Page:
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Chief Human Resource Officers Have an Additional Focus: ESG Issues

Chief Human Resource Officers Have an Additional Focus: ESG Issues

The events of the past two years—including a pandemic, social strife, and the Great Resignation—have upended the role of the chief human resource officer (CHRO). Now, CHROs are being called on to play a greater part in addressing the environmental, social, and governance (ESG) matters—both the risks and opportunities for companies.

See related article: Frank Giampietro of EY with Rachel Hodgdon of IWBI – Putting “H” Health & Humanity into ESG

Based on discussions with more than 100 human capital leaders at multi-national companies and regional powerhouses in Europe, Asia, and the US, a new report from The Conference Board reveals the increased pressure on companies to act on ESG issues, and the expanded role of human capital leaders in doing so. CHROs will need to—among other things in the ESG sphere—help shape the corporate voice on social issues, articulate the mission and purpose of their companies, and communicate the company’s people strategy to an increasingly broad set of stakeholders. This has become all the more urgent as companies prepare for upcoming US Securities and Exchange Commission (SEC) requirements to further disclose data on a company’s human capital resources, measures, and progress against objectives.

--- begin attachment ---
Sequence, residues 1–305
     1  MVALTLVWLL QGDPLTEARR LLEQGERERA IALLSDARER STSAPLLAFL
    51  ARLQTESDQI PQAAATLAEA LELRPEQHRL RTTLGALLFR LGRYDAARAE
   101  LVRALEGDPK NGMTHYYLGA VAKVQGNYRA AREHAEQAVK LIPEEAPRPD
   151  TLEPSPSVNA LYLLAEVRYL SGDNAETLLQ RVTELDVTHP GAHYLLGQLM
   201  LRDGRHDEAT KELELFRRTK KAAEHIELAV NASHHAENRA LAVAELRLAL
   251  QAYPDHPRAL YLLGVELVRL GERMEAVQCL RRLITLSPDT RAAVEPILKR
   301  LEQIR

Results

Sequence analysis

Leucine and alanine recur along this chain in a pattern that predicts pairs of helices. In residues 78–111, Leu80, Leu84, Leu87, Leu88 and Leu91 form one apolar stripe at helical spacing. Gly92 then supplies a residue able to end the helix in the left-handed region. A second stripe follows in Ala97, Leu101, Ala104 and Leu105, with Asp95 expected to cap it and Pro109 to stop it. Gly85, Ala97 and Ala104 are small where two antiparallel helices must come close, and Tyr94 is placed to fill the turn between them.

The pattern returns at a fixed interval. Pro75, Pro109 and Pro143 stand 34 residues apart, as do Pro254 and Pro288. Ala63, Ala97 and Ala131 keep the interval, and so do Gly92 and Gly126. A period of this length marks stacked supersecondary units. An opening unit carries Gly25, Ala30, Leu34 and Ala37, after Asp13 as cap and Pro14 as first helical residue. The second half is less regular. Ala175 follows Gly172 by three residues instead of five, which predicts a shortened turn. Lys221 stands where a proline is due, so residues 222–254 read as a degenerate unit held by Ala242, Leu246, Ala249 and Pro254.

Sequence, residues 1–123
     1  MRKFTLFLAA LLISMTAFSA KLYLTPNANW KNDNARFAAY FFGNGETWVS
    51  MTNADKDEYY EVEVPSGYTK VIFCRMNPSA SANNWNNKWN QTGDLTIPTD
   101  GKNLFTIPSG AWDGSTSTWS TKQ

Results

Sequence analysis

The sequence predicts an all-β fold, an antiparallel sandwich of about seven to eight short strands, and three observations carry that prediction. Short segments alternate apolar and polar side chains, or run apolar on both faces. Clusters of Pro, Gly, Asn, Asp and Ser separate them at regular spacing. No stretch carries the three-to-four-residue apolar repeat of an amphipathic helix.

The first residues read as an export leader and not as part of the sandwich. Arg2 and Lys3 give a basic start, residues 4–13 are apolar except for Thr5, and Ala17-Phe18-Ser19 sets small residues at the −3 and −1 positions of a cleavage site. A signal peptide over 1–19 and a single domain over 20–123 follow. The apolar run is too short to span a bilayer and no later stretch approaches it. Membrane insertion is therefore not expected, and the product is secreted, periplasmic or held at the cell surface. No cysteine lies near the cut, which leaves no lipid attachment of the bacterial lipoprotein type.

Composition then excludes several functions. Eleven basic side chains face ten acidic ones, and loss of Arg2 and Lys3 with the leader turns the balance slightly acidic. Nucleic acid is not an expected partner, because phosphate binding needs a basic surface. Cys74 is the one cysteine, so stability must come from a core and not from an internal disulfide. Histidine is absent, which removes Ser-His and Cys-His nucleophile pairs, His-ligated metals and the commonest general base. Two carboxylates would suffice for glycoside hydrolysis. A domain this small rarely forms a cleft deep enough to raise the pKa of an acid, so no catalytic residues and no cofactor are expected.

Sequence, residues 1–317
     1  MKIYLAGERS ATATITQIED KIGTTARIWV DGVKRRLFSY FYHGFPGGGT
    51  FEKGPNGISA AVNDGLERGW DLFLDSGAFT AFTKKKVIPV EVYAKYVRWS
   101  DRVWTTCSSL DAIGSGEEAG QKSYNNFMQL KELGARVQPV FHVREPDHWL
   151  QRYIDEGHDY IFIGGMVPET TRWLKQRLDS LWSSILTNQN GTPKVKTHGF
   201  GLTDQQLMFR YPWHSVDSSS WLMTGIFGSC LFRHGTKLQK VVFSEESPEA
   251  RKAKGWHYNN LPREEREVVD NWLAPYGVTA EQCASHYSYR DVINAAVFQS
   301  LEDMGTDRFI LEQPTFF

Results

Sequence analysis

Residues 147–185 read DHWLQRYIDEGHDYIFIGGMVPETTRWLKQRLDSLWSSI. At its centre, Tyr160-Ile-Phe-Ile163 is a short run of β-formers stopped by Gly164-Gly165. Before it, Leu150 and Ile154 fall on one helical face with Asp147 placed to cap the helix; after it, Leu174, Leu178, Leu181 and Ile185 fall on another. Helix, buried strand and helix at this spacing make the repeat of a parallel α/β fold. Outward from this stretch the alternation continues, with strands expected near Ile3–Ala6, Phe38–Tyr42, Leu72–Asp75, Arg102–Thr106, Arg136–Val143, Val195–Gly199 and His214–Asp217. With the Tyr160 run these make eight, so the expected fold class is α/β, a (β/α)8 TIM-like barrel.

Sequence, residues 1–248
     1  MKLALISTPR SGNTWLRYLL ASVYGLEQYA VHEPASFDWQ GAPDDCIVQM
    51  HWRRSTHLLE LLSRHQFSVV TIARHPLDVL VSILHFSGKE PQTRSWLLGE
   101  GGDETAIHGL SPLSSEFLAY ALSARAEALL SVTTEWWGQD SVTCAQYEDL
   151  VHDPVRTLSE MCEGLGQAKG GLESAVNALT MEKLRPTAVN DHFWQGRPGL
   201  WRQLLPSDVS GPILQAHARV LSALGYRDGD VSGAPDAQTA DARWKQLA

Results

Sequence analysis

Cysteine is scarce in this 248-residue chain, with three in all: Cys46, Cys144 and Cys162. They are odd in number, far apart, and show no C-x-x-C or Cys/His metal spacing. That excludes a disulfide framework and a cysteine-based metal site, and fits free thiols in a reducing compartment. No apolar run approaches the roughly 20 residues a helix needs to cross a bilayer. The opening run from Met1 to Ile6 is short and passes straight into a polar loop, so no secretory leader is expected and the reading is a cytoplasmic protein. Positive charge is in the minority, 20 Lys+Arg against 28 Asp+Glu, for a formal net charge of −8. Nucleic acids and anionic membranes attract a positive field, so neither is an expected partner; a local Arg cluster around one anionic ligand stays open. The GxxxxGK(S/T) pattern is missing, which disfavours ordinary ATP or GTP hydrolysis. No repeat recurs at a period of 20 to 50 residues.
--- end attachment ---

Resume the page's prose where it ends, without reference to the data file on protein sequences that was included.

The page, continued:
Additionally, the report also explores the challenges CHROs must navigate to successfully lead remote and hybrid teams and to shape an organizational culture that both attracts and retains workers.

Insights from the report, The CHRO’s Role in Navigating the Future of Work, include:

CHROs will partner with C-suite colleagues and the board to help shape the company’s voice on social issues.